[IMAGE]The-Gap-Rap-full-1.jpg[/IMAGE]The MTA Long Island Rail Road (LIRR) recently released a public service video targeting gap safety via an entertaining rap performance.
The public service video features "The Gap Rap", written by and co-starring LIRR’s Medical Director Dr. John Clarke.
During his nearly four-minute video, Dr. Clarke exhorts customers to be aware of their surroundings as they travel on the railroad. The fast moving, LIRR-produced rap video features Dr. Clarke, wearing his physician’s white coat, leading a group of fifth graders from Lindell School in Long Beach as they travel on the LIRR, in Manhattan, and on Long Island, all the while harmonizing to the beat as they remind us to “Look down, step over and watch the gap.”
LIRR President Helena Williams said, “Dr. Clarke’s innovative approach will help the LIRR continue to spread the word about gap safety. I’m hopeful this unique video will keep our gap message fresh and reach a wide audience, especially our younger travelers.”
Dr. Clarke, who captured wide media attention for his award-winning public service announcement H1N1 Flu Rap, was enthusiastic about his new video, “I recognize that gap accidents are quite preventable. I knew that Health-Hop would be a perfect way to spread the message and make an impact.”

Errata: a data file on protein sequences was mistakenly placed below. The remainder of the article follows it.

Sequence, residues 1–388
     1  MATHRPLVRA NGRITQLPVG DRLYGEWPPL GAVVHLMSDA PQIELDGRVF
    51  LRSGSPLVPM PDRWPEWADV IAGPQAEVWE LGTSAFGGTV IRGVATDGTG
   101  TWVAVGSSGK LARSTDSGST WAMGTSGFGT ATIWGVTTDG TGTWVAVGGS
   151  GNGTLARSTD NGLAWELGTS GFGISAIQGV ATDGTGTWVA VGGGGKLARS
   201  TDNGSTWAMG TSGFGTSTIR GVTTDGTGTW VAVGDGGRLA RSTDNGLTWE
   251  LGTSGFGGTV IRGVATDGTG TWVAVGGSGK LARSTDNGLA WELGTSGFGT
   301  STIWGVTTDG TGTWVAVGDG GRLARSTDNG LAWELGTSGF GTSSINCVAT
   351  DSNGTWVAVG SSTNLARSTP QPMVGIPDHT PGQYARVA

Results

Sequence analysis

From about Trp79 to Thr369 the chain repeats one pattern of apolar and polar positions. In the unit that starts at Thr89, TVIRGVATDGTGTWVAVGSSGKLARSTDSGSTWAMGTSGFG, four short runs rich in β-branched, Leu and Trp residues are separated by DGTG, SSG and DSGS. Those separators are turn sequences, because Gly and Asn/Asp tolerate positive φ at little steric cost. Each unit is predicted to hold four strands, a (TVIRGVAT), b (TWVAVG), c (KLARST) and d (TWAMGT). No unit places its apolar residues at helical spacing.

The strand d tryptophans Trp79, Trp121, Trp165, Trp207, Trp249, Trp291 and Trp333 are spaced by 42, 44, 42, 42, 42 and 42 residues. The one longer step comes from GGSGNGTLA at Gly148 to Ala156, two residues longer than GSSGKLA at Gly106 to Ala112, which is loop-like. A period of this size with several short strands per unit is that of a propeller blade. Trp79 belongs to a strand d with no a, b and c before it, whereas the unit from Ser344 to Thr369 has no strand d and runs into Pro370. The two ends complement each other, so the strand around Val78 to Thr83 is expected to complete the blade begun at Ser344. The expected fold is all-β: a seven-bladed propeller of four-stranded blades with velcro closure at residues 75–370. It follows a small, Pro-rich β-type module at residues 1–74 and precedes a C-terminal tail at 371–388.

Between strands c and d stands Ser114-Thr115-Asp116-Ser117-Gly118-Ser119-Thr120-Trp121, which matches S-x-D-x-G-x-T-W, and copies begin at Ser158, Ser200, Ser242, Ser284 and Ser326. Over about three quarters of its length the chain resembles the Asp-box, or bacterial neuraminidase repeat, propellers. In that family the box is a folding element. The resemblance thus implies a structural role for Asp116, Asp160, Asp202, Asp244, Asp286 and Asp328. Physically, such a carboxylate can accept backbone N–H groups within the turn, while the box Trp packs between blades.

So far in 2010 the LIRR has experienced a reduction in year-to-date (January 1-July 1) reported gap incidents of 15 percent (2010-33 gap incidents vs. 2009-39 gap incidents).
Dr. Clarke’s video is the latest effort by the LIRR to raise awareness of the gap and to help assure that the traveling public safely steps over this necessary space between trains and station platforms. Railroad initiatives have included special Be Train Smart brochures, posters, signs, and celebrity gap announcements at stations and by train crews.
The railroad has also made a concerted effort to reduce the gap through engineering and operating solutions. Since 2007, more than 121,000 linear feet of one-inch platform edging board has been installed at LIRR stations to help reduce the horizontal gap. In addition, where necessary, measures to reduce vertical platform gaps an average of three inches have been taken at 42 stations. Some 836 train cars have also been retro-fitted with two-inch threshold plates marked “Watch The Gap,” further reducing the gap space.
METRO TV: To watch "The Gap Rap" video, click here.